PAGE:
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February 7, 2024
Finding ways to save money − for both themselves and their customers − has always been a priority for managed service providers. But as 2024 gets underway, I'm noticing some new cost-savings trends on the part of MSPs — particularly, ones related to cloud services and infrastructure. Smart MSPs would do well to follow these trends as a means of bolstering their own businesses.
Here's a look at three of the major developments I'm observing at the intersection of the MSP ecosystem and cloud cost control.
Doubling-down on serverless computing to save money. Serverless computing, which makes it possible to run workloads without having to provision or manage the cloud infrastructure that hosts them, has long been available from all the major public cloud vendors via services such as AWS Lambda and Azure Functions.
Serverless has become especially attractive lately thanks to the unveiling of new types of serverless cloud services, such as OpenSearch Serverless and ElastiCache Serverless, which Amazon debuted over the past year.
By taking advantage of serverless options such as these, MSPs who use cloud services to deliver their offerings to clients are saving money. First, they avoid having to pay for infrastructure they don't need. With serverless, cloud customers pay only for the infrastructure their workloads consume, and there is virtually no risk of resources sitting idle during quiet periods.
Second, serverless can help reduce cloud costs for MSPs because it's easier to administer. It eliminates the need for MSPs to provision, patch or back-up infrastructure. This advantage translates to less staff time spent managing serverless environments.
Going all-in on multicloud and hybrid cloud. Like serverless, multicloud (which means using more than one cloud platform at once) and hybrid cloud (the use of public cloud resources alongside private infrastructure) have been common practices for years. But MSPs looking to save money on cloud costs are embracing them in new ways that unlock greater value.
For one, they're building tighter integrations between clouds. Whereas in the past multicloud often simply meant hosting some workloads in, say, AWS, and others in Azure without any real connection between them, I'm increasingly seeing MSPs who link workloads in one cloud to those in another. They might host applications on AWS and connect them to data stored in Azure Blob Storage, for instance.
This approach makes it possible to approach multicloud in a more flexible way, which can help to maximize cost savings. Rather than having to run redundant types of resources in each cloud, MSPs are interlinking their clouds to optimize efficiency.
Another trending strategy that can help MSPs save money is licensing reuse or consolidation. Consider, for instance, an MSP that owns Windows licenses for on-prem servers, but that wants to move to a hybrid cloud model by expanding its footprint in Azure. It's possible (albeit not simple) to repurpose the licenses for use with Azure-based VMs instead of on-prem servers — a move that, in most cases, would prove much more cost-effective than purchasing brand-new licenses for cloud servers.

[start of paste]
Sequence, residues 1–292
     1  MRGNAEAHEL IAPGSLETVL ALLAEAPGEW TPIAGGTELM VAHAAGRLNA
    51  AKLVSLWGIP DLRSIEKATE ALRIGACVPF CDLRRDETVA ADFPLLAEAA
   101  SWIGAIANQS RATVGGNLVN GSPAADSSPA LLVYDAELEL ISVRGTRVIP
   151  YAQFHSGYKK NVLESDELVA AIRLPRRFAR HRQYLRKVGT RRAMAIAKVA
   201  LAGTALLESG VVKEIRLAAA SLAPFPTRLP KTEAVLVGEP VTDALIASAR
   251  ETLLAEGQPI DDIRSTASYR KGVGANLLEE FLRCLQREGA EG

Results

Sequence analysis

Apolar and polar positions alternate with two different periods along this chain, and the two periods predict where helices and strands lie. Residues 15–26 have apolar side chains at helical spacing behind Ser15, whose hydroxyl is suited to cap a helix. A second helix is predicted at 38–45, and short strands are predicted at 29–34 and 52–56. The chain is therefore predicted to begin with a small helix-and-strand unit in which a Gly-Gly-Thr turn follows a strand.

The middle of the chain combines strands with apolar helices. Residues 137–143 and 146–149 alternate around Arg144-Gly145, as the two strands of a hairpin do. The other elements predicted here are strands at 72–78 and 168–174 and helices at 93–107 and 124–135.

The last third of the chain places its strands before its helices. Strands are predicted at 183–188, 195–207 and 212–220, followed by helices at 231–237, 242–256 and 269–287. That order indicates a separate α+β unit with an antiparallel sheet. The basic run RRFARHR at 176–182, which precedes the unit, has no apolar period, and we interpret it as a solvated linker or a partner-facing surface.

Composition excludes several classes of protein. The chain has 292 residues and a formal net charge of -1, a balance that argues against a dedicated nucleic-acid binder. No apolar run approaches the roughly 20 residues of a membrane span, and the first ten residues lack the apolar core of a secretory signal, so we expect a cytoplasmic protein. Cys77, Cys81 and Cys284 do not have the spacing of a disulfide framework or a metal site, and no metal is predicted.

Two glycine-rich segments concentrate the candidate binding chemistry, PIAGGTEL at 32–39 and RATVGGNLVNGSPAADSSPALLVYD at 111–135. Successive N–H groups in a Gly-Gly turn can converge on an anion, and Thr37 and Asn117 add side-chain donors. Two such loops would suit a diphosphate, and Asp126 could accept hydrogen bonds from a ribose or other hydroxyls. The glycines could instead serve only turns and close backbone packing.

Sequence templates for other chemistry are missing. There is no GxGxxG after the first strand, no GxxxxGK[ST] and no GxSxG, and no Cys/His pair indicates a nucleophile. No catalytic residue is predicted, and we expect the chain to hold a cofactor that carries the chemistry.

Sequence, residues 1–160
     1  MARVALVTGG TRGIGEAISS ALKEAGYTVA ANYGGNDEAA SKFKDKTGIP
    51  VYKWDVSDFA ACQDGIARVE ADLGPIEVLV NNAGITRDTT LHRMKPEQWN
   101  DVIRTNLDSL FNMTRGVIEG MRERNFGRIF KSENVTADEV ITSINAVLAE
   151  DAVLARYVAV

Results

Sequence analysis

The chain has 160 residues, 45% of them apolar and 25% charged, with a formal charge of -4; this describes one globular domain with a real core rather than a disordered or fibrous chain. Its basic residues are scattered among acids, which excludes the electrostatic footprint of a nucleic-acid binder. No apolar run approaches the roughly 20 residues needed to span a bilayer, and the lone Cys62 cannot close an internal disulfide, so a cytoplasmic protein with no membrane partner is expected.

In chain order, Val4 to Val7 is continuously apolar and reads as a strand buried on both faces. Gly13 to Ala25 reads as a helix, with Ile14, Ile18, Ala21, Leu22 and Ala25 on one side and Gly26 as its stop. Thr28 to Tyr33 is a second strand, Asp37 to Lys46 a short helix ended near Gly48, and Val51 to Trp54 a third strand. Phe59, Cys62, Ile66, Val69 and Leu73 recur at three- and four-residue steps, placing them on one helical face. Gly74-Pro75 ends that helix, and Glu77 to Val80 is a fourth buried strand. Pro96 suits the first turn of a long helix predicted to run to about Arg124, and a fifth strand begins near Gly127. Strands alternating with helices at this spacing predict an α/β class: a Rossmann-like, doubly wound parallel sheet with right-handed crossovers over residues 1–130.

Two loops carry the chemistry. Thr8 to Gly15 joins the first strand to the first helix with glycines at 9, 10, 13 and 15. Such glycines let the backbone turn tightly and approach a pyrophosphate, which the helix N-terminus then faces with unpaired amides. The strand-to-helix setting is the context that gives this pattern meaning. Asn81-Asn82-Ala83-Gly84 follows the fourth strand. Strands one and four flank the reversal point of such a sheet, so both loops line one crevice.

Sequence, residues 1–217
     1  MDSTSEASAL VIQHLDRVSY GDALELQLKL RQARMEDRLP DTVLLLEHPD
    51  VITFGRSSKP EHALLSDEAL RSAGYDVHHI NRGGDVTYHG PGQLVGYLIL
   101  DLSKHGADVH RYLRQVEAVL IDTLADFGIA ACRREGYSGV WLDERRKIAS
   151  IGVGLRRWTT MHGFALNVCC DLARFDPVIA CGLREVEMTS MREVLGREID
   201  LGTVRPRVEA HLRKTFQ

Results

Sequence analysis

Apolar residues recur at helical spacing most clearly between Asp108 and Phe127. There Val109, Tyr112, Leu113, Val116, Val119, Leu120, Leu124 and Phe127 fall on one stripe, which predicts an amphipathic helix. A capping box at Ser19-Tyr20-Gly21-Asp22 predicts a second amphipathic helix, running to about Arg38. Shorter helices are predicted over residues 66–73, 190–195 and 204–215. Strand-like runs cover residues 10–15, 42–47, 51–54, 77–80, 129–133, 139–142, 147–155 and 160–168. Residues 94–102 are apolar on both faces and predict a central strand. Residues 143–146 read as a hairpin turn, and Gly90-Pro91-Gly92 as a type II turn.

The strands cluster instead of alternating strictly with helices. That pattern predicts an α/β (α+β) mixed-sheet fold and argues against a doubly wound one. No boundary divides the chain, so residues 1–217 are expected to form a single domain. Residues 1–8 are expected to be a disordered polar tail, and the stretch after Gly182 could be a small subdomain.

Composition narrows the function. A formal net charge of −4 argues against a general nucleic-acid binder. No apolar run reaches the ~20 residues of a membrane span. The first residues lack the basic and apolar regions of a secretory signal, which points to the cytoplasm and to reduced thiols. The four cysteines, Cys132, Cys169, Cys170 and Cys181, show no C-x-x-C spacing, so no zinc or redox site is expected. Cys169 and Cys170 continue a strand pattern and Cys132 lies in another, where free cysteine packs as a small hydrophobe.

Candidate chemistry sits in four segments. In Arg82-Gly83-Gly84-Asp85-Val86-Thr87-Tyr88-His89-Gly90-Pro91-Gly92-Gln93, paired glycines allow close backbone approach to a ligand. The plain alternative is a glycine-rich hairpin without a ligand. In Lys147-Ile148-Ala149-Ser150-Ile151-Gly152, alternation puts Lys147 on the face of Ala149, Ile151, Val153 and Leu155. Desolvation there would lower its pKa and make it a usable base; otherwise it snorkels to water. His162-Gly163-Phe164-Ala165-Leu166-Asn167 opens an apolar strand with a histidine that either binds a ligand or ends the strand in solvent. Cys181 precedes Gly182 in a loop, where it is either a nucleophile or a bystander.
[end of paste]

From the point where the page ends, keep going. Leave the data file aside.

GreenOps as a way to increase MSP revenue. GreenOps is a practice that helps businesses enhance the environmental sustainability of their cloud infrastructure. In an environment where businesses face increased pressure to be good stewards of the environment, GreenOps is a compelling proposition for many of the clients MSPs serve.
However, determining which cloud infrastructure will yield the greatest sustainability outcomes can be a tough task. Cloud providers aren't especially transparent about where the energy for particular data centers comes from. Nor do they directly report metrics such as how much carbon is emitted by a workload hosted on their platforms.
This opaqueness surrounding GreenOps and cloud sustainability creates an opportunity for MSPs. MSPs can do the hard work of determining which cloud architectures and data centers will deliver the best trade-off between sustainability and performance for a particular customer, while also generating sustainability metrics that the customer can use to prove its commitment to environmental stewardship.
The result is a sort of GreenOps-as-a-service solution, which MSPs can deliver to help their clients meet sustainability goals in a simplified way. In turn, MSPs can grow their revenue by offering a new type of solution that sets them apart from competitors. This approach to GreenOps doesn't directly reduce MSPs' cloud bills in a financial sense, but it does grow their revenue, while also reducing the "carbon cost" of their clients' cloud infrastructure.
Admittedly, the cloud cost saving trends I've described above reflect my anecdotal experiences. I don't have data to prove that these are the most popular strategies MSPs are adopting to reduce cloud spending.
But since helping MSPs with their cloud cost strategies is what I focus on day in and day out, I like to think I have a pretty good sense of which practices are most effective in cutting cloud costs — and right now, those seem to be serverless, new approaches to multi- and hybrid cloud and GreenOps.
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